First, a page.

Zero Motorcycle has been the world's largest producer of high performance electric motor cycle. Zero motorcycle has competitive advantage of being highly innovative, customer friendly and good distribution channel. Moreover, some of the models like Zero DS could be used from street to mountains and has more power. Its competitor rammo Inc. has not innovation as the Zero X has and more they are more focused on racing bikes and moreover they have not distribution channel as the Zero motor bike has.
Zero X should continue to focus on the innovation it has got for its customers and moreover, it is also customer friendly. Its growth entirely depends on its innovation, low price and excellent distribution channel. However, Zero distribution channel lacks the coverage of Asia properly as Asia is the largest continent by population so it should also focus on Asia.
Zero motorcycle needs…
Bucher, DH Centre For Creative Leadership.
Real Innovation. (n.d.). Retrieved from INNOvation leadership: http://www.realinnovation.com/tools_tactics/leadership.html
Selman, J. Leadership and innovation.
Spain is not actively courting this market, whereas the Greek government is. This strategy also allows Greece to leverage the power of its other strengths. Greece has as much sun as Spain, which while not a competitive advantage can be combined with the conference focus to enhance it. Additionally, Greece would also leverage its comparative advantage in history. A conference in Greece would afford the conference-goers an opportunity to do more than simply attend a trade show or meeting. They could take a few extra days to enjoy the sun and the sights. This would enhance the economic potential of the conference market.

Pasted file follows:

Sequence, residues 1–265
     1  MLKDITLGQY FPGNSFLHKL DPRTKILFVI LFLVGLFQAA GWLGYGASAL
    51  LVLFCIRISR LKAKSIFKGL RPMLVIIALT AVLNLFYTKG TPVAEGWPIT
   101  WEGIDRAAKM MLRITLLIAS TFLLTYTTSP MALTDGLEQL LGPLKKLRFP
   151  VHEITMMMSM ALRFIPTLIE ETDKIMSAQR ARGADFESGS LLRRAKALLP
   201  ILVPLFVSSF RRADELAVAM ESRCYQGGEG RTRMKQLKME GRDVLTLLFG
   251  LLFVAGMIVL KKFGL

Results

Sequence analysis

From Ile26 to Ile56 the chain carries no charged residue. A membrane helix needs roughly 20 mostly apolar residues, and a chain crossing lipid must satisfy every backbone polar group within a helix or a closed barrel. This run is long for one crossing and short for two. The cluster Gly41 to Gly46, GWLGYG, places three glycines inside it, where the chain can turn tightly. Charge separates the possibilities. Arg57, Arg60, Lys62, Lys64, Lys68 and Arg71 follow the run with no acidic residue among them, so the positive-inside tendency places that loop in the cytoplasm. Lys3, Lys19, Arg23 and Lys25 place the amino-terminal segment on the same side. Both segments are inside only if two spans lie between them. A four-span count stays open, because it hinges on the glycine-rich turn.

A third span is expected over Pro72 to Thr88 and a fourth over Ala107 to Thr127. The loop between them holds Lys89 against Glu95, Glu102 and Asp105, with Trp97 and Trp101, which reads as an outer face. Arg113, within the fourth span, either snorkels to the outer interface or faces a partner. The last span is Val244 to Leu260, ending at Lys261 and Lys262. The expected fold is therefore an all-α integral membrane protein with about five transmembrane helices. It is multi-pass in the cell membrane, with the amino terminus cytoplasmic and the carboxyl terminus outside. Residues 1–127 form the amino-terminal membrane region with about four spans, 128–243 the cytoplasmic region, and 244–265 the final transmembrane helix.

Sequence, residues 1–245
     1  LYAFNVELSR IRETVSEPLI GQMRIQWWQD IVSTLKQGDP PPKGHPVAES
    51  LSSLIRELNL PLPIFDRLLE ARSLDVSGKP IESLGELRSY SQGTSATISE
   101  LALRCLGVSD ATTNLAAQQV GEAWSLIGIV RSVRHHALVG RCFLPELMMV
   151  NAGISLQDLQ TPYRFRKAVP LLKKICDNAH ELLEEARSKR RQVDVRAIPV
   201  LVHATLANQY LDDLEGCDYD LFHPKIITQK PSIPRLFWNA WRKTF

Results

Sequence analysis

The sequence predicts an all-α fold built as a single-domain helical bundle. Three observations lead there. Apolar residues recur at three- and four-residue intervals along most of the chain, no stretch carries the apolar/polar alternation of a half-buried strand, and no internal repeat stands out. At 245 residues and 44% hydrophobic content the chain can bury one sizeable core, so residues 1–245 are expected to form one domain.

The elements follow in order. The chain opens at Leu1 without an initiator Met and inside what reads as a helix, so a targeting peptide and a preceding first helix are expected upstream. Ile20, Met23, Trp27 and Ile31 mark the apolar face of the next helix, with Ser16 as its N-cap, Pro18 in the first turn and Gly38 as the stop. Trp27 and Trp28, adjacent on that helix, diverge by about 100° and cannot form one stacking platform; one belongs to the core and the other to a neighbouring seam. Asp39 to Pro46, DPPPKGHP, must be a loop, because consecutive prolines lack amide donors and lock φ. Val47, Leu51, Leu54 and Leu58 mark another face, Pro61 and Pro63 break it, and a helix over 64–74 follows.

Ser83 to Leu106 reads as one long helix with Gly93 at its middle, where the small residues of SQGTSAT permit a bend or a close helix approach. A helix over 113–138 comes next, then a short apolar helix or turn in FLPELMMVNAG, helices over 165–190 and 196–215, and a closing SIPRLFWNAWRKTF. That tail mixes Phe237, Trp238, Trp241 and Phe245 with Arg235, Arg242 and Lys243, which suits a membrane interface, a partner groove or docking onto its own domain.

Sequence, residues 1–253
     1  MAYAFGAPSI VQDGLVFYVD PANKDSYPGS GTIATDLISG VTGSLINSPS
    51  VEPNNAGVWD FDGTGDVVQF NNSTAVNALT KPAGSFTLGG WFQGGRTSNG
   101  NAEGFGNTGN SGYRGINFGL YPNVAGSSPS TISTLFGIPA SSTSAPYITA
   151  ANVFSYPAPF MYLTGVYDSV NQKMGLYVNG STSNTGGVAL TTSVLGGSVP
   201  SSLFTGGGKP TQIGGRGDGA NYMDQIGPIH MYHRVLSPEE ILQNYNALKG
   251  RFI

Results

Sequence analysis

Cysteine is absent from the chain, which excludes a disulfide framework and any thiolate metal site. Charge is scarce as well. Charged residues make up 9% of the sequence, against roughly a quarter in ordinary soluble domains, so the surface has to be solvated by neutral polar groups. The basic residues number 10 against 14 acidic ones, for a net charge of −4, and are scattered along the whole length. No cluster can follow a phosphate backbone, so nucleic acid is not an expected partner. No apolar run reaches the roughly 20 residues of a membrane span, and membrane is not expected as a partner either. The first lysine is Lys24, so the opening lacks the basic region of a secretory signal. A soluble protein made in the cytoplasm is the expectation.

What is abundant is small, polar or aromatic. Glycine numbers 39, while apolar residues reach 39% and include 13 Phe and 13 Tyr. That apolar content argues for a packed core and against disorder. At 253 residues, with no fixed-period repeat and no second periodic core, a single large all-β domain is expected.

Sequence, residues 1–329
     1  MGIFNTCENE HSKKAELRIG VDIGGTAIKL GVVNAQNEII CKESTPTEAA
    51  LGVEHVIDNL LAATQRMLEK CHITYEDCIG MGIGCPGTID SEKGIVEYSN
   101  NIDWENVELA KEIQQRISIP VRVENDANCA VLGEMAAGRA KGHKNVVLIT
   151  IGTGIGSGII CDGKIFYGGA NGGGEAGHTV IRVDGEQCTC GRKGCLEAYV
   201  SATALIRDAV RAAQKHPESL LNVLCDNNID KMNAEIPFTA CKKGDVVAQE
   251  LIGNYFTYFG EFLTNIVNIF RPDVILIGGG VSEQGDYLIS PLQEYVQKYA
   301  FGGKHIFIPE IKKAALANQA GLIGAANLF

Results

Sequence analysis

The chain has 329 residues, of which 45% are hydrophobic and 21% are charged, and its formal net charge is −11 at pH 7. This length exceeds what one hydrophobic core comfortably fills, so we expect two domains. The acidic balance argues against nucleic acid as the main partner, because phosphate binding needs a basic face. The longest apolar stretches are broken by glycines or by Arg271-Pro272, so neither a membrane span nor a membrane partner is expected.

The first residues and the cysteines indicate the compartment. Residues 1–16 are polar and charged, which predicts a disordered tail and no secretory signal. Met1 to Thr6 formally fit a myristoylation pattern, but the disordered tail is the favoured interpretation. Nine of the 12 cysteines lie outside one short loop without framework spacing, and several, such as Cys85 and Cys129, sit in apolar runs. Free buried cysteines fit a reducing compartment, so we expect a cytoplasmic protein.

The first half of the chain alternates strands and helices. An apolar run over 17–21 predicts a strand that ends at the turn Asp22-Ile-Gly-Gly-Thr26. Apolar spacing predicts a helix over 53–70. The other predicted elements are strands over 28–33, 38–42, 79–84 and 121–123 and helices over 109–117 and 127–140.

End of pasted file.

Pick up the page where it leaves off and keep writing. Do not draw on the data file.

The conference business is growing, recent economic troubles notwithstanding. Companies and industry groups are constantly seeking new, exciting destinations for their conference travel. Greece, with its traditional focus on island-tourism, is a new horizon for this market. Because Greece already has a substantial infrastructure and myriad attractions,…
No author. (2005). World's Top Tourism Destinations. World Tourism Organization. Retrieved March 11, 2009 at http://unwto.org/facts/menu.html
No author. (2005). Spain Slips to 6th Place in Tourism-Industry Rankings. World Economic Forum. Retrieved March 11, 2009 at http://www.surinenglish.com/20090305/news/spain/spain-slips-place-tourism-200903051003.html
No author. (2005). International Tourism Receipts by Country of Destination. World Tourism Organization. Retrieved March 11, 2009 at http://unwto.org/facts/eng/pdf/indicators/new/ITR05_europe_US$.pdf
Strategic Planning for a Competitive Advantage in Health Care